With this eclectic collection of essays, short stories, and poems, Richard Chiappone elongates the fishing-writing genre like a perfect backcast, suggesting that he finds almost anything a fisherman does interesting–anything but the actual fishing. He describes only one sport fish landed—a late season Alaskan steelhead too cold to put up a fuss about being hooked. In another piece, he never gets any farther than his own backyard, standing in a midwinter snow bank, casting to house cats. The essays, both funny and touching, reveal him as a writer of stark contradictions: a man who despises winter and loves living in Alaska, who thinks that the Clean Water Act ruined as much as it fixed. At the heart of these writings is one fisherman’s curiosity about how others might think and feel, and the real quarry Chiappone is casting about for is always empathy.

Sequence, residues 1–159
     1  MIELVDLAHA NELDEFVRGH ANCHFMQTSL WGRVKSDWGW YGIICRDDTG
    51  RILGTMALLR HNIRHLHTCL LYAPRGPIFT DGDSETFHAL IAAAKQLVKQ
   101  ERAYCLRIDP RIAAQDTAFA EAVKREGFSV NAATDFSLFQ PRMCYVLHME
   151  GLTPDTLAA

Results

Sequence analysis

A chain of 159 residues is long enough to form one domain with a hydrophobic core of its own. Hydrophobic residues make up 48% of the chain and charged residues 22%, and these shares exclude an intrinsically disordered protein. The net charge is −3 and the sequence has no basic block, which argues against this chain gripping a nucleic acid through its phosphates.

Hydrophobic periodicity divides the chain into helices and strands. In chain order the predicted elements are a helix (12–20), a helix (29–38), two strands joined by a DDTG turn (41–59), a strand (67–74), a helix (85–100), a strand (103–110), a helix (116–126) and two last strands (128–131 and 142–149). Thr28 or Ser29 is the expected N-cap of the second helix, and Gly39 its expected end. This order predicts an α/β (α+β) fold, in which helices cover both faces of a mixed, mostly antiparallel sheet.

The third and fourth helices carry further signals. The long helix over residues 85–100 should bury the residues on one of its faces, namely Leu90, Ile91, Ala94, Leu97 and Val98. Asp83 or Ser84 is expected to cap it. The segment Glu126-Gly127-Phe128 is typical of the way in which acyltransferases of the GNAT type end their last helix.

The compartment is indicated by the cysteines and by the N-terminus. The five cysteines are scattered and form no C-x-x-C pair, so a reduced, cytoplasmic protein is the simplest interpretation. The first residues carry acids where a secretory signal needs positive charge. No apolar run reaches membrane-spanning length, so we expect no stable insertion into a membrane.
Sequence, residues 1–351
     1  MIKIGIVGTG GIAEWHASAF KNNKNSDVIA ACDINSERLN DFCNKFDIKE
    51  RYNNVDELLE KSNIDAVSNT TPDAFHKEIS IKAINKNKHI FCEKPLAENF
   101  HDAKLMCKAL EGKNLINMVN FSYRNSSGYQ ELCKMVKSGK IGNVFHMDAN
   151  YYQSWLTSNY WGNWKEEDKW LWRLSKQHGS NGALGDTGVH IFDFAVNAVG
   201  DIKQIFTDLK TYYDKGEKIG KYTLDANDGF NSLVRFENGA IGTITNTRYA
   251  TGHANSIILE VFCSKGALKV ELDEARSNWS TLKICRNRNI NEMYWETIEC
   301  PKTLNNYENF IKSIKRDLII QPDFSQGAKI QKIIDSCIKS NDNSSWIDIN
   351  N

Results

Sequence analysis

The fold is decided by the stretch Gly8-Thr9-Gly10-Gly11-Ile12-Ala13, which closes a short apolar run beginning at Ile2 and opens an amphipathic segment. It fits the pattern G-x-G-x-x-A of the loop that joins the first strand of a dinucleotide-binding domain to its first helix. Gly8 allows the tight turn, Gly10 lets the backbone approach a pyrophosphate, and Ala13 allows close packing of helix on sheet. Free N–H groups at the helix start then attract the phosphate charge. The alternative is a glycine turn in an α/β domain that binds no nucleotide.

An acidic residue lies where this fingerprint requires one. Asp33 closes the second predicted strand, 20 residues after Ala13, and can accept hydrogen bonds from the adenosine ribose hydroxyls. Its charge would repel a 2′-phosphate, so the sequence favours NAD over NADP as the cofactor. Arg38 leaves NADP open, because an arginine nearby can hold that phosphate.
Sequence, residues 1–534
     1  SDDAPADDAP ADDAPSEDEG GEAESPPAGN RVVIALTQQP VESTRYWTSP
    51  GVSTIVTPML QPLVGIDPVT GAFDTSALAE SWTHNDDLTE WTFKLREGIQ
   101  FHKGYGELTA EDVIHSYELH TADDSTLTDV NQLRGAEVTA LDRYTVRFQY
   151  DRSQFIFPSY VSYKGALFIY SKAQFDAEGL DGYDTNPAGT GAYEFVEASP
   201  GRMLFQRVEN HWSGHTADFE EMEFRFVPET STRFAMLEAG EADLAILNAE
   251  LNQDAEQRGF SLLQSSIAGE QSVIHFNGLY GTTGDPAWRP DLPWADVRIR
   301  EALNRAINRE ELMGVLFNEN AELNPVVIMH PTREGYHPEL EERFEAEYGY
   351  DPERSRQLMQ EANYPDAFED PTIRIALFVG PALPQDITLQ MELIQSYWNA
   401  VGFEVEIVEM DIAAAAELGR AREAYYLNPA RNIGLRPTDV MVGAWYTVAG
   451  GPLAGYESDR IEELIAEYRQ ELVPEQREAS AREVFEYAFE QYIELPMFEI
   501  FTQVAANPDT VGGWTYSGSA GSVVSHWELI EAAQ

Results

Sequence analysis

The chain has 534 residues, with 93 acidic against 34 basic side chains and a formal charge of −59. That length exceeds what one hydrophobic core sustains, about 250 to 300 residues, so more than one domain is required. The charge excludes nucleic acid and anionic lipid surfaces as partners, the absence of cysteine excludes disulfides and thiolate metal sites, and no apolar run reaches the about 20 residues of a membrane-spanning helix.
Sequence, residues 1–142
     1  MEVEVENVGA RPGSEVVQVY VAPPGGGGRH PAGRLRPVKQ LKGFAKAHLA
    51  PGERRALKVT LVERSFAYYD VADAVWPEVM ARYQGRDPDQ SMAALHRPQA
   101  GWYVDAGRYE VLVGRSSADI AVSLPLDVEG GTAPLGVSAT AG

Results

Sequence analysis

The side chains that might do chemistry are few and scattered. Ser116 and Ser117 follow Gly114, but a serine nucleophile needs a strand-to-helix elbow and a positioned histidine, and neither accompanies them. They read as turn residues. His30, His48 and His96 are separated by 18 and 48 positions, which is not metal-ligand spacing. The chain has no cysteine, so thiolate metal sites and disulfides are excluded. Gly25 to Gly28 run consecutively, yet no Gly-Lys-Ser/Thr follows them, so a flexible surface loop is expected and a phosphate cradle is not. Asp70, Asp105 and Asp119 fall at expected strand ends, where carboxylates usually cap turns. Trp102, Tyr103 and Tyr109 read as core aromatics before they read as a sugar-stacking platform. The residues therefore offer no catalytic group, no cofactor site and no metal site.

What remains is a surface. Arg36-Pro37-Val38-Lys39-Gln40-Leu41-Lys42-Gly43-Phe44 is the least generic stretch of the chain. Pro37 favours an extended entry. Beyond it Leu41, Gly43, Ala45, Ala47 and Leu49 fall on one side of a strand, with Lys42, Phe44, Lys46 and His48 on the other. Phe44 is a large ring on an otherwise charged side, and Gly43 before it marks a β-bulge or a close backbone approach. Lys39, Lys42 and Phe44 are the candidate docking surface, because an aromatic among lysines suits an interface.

You expect a skilled essayist and angler to deftly dissect the weird world of fly fishing, a talented short-story writer to shine fresh light on the human condition, a sensitive and insightful poet to reveal the invisible. What you don’t expect is one writer to do it all—brilliantly, beautifully, with wit, pathos, and surprise on every dog-eared page.James R. Babb, Editor, Gray’s Sporting Journal